Would Dieter Zetsche still be at the helm of Daimler if the company had only recorded one profitable quarter at a net income level in the last six years? Would Carlos Tavares be still viewed as a turnaround master if PSA Group needed an extra quarter or two to achieve his profit margin targets? Would Carlos Ghosn face little criticism if the Renault-Nissan alliance missed its vehicle delivery target for three quarters in a row?
The answer to all three questions is: No. Meanwhile, Tesla Motors CEO Elon Musk has done all of the above with few if any ramifications from the financial markets.
Tesla's message – that a bright future looms for the innovative, sometimes provocative EV maker – has clearly won over investors. Using sales multiples (the more common earnings-based metrics are impossible given Tesla lost $717 million last year), investors value BMW at a fraction of Tesla even though the German automaker is highly profitable and generates more than 20 times the revenue of Tesla.
While BMW is struggling to make its "born electric," high-tech carbon fiber i3 a global success two years after its launch, the latest Tesla product, the Model 3 that isn't even on the road yet, has already outsold the i3.
Tesla has received more than 400,000 reservations for the Model 3, even though it has not announced the car's exact sales price or said when deliveries will start. The rumor is that the Model 3 won't be in dealers until late 2017.
Tesla's ability to create desire for its products and to build fierce loyalty to its brand resembles what Apple has been able to do. At Apple, the debut of a new operating system is something that customers often celebrate, while the same change at rivals causes most users to feel a mix of dread and despair. Tesla has been able to create a somewhat similar reaction with one of the most disruptive things a vehicle maker faces: a recall. While call backs are a major headache at most companies, Tesla's are nearly hassle-free because many are done remotely using over-the-air technology that requires no customer involvement. Presto, the change is made.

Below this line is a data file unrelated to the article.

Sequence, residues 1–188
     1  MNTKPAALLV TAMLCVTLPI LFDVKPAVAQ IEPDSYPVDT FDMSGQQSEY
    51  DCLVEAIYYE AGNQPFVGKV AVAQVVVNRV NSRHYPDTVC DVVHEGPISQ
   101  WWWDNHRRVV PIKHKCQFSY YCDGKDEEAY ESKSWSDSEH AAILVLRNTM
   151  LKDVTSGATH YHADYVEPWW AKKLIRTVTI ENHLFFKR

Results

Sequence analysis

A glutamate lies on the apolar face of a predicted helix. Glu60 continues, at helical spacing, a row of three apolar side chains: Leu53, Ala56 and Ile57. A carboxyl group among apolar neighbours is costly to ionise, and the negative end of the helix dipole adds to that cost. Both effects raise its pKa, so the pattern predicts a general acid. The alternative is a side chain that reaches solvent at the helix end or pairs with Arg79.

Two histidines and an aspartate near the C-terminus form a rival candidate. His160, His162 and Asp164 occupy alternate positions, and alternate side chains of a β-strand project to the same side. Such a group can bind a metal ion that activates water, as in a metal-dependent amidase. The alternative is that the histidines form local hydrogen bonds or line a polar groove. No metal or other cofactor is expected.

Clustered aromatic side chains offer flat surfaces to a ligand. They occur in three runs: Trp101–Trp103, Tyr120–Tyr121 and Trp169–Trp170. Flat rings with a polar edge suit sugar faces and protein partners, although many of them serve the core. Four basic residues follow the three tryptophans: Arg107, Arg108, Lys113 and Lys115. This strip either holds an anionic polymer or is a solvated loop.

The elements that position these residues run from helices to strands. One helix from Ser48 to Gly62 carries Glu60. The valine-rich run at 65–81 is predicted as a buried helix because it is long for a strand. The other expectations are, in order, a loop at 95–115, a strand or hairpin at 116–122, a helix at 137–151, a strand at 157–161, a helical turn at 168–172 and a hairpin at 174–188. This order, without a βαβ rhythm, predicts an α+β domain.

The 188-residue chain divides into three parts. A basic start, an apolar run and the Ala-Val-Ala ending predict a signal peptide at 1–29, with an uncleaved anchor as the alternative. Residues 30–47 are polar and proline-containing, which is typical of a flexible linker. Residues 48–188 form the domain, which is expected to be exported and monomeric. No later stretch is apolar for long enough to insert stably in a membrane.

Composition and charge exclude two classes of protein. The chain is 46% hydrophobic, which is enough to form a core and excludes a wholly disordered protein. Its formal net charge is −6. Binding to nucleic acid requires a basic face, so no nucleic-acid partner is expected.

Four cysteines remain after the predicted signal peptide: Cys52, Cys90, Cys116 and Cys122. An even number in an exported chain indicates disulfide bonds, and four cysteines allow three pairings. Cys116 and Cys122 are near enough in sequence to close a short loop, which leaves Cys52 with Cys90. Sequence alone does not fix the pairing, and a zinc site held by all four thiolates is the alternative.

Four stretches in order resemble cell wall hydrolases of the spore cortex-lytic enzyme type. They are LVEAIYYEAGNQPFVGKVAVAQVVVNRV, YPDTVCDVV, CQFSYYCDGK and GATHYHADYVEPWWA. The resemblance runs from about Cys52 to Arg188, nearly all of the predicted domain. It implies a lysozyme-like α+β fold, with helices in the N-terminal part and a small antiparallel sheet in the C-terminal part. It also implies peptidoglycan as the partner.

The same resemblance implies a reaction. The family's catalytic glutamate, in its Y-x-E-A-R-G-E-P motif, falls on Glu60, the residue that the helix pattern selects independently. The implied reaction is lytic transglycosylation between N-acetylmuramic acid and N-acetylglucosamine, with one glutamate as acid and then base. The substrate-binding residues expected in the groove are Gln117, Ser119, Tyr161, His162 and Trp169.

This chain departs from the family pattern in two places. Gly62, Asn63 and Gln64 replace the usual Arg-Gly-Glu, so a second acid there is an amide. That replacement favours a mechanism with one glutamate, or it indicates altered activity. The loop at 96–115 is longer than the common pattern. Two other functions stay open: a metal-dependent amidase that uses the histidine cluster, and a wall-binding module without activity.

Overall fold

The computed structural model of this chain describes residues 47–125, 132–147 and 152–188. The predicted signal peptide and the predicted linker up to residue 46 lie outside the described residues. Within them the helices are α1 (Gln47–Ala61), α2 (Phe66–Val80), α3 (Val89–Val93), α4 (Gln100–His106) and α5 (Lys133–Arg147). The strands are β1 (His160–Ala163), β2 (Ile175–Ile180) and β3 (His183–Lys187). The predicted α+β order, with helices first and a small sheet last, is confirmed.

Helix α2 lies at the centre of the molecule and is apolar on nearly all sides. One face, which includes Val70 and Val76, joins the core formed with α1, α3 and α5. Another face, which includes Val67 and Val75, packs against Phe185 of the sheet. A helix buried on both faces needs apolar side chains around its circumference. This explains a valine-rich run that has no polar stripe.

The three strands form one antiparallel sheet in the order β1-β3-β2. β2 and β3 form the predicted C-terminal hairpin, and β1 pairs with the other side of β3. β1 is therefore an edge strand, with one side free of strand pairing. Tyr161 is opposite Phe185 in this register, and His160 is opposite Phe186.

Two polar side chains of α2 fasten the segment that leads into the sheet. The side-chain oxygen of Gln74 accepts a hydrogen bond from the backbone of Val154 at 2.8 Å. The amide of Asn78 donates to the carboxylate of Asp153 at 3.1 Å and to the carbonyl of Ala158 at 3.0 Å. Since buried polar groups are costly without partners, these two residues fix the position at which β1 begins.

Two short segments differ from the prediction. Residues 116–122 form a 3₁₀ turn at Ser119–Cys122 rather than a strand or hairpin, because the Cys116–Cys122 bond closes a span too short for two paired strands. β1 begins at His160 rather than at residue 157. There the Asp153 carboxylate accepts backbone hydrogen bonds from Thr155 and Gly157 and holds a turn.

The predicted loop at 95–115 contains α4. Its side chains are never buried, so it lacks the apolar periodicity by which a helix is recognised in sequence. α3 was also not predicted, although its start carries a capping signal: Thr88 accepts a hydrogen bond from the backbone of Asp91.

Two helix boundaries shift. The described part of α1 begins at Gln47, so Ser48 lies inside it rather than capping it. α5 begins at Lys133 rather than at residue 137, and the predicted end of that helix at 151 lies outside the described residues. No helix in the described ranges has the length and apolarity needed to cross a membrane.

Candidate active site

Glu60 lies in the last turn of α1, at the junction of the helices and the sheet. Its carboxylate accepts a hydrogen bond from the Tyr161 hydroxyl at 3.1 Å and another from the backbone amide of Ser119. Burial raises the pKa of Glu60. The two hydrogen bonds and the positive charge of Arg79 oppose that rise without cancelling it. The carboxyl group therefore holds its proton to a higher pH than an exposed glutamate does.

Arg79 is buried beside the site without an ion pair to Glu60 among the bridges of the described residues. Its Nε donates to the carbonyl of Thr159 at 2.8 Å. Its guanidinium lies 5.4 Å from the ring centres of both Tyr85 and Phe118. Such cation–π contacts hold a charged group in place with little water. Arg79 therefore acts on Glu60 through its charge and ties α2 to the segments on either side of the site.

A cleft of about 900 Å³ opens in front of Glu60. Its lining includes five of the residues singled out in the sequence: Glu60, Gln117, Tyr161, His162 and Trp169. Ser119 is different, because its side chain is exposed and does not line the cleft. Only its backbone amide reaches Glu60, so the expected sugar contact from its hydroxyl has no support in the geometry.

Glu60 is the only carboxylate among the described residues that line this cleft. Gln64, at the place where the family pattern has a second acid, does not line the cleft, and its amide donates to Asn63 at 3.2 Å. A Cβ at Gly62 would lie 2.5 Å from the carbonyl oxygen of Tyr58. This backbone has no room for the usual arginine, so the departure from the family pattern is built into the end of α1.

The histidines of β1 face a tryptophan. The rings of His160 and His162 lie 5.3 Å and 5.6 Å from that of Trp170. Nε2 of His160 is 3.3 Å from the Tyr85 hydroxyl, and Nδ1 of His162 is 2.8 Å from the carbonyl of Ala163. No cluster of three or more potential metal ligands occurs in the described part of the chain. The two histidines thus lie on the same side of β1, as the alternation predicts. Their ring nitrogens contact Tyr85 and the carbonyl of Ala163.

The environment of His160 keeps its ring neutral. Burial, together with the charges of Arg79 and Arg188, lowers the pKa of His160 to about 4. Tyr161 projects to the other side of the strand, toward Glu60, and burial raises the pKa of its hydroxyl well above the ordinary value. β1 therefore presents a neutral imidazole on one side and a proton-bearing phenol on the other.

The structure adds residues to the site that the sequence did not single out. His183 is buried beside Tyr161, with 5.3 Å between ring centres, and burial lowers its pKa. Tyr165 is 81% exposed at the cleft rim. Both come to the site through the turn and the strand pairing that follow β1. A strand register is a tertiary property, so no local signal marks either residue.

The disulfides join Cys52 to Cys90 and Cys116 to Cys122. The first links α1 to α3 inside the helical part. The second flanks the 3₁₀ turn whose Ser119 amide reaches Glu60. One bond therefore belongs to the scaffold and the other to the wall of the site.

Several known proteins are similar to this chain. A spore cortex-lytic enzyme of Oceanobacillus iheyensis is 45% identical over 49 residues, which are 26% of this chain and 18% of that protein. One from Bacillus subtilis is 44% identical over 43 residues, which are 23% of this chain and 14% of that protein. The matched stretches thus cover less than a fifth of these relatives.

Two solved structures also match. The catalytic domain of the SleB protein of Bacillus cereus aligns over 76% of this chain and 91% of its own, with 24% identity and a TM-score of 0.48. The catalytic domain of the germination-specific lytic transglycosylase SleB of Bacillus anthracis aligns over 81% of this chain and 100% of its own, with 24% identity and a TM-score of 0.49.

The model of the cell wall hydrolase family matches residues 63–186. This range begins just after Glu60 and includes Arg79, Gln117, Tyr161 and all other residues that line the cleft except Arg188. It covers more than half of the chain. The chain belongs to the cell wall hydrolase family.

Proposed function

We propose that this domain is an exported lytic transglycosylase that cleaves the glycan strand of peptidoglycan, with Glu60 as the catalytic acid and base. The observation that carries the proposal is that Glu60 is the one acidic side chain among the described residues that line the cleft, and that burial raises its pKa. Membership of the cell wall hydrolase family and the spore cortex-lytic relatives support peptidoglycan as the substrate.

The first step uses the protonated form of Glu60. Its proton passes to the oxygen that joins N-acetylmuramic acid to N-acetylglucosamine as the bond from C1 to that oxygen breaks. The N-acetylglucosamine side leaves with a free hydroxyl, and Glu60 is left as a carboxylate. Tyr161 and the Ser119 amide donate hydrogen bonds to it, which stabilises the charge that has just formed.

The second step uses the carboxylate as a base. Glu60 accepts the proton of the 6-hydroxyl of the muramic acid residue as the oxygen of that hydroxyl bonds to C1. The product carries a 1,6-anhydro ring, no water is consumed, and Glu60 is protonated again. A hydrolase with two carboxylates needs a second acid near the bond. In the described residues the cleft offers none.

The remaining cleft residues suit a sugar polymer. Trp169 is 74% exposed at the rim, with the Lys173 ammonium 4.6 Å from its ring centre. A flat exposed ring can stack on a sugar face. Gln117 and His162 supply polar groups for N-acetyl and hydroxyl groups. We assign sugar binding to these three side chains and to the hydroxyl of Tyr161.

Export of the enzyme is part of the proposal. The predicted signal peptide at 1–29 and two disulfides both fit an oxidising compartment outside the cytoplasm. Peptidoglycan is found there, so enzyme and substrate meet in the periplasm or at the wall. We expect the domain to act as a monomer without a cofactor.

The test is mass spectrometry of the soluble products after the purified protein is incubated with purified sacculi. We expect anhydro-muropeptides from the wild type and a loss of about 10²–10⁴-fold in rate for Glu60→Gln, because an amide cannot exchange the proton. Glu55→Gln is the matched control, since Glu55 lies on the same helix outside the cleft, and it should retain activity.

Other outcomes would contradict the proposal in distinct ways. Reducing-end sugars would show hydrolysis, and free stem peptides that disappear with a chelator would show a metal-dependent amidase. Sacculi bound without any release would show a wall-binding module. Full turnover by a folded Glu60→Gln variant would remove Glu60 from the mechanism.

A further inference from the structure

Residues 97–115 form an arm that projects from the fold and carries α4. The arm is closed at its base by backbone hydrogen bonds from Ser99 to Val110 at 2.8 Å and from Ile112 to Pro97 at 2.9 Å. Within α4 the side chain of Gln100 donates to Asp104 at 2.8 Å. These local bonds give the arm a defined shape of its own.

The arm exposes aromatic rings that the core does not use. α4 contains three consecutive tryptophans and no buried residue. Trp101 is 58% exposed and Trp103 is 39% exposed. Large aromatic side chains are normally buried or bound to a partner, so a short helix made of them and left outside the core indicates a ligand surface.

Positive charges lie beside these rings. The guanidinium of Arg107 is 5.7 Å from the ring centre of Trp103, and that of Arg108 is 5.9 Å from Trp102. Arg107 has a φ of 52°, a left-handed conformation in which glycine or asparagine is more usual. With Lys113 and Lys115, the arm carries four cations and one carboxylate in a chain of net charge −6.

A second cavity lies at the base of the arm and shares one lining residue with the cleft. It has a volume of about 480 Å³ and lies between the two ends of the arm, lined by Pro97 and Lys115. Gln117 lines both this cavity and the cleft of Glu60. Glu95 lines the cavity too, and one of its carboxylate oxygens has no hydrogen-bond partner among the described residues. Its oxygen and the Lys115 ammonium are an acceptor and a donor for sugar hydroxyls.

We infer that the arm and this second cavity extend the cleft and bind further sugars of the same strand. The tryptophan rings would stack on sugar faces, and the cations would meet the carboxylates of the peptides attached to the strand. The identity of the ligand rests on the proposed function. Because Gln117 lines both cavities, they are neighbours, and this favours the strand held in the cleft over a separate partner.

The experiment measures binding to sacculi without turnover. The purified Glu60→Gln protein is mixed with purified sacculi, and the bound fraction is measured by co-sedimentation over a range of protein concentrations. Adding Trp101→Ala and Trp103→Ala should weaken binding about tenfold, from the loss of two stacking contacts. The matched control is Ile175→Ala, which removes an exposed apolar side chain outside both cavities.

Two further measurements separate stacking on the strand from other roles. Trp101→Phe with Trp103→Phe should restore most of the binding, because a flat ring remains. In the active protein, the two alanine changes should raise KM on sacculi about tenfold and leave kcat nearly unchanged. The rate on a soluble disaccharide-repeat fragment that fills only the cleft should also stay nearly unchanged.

Tesla also appears to have found a way to make mechanical recalls without attracting the same level of attention as its rivals. There are reports that Tesla has kept these fixes in the shadows by having customers sign non-disclosure agreements regarding the work that was done to the vehicles. If this is happening, it is a bit of trickery that only is possible if you have a few thousand cars on the road. Tesla won’t be able to play this game when the high-volume Model 3 debuts. At that point Tesla will be targeting a less forgiving consumer group.
Many could argue that this special bond between Tesla and its first customers would not be possible without a very different type of commercial relationship. The U.S.-based automaker relies on a network of dealers that it owns and operates. In some ways this helps boost customer satisfaction because the customer deals directly with the manufacturer. The problem is that many U.S. states forbid an automaker from selling directly to a customer. That means buyers from those states have to either make their purchase in another state or switch brands.
The big question is whether this distribution model will still work when Tesla reaches its target of half a million unit annual sales by the end of this decade. Probably not. Also, if and when that target is met Tesla – which basically has the premium full-electric sedan market to itself now – will have to compete with rivals from nearly every premium and volume brand on the market. It will be interesting to see if Tesla can retain its uniqueness as the playing field levels, especially when BMW, Daimler and Volkswagen Group spent a combined 22 billion euros on r&d last year while Tesla spent $718 million.
That said, today Tesla continues to rise because it has created a customer experience that is only comparable to what Rolls-Royce and Ferrari have achieved.